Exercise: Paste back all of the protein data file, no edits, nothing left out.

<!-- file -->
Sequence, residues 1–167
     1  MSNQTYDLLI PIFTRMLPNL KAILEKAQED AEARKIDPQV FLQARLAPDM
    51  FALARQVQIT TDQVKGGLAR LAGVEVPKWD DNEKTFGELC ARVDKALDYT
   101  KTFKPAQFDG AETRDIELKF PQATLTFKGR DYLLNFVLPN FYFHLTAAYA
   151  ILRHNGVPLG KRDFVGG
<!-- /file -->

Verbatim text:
Sequence, residues 1–167
     1  MSNQTYDLLI PIFTRMLPNL KAILEKAQED AEARKIDPQV FLQARLAPDM
    51  FALARQVQIT TDQVKGGLAR LAGVEVPKWD DNEKTFGELC ARVDKALDYT
   101  KTFKPAQFDG AETRDIELKF PQATLTFKGR DYLLNFVLPN FYFHLTAAYA
   151  ILRHNGVPLG KRDFVGG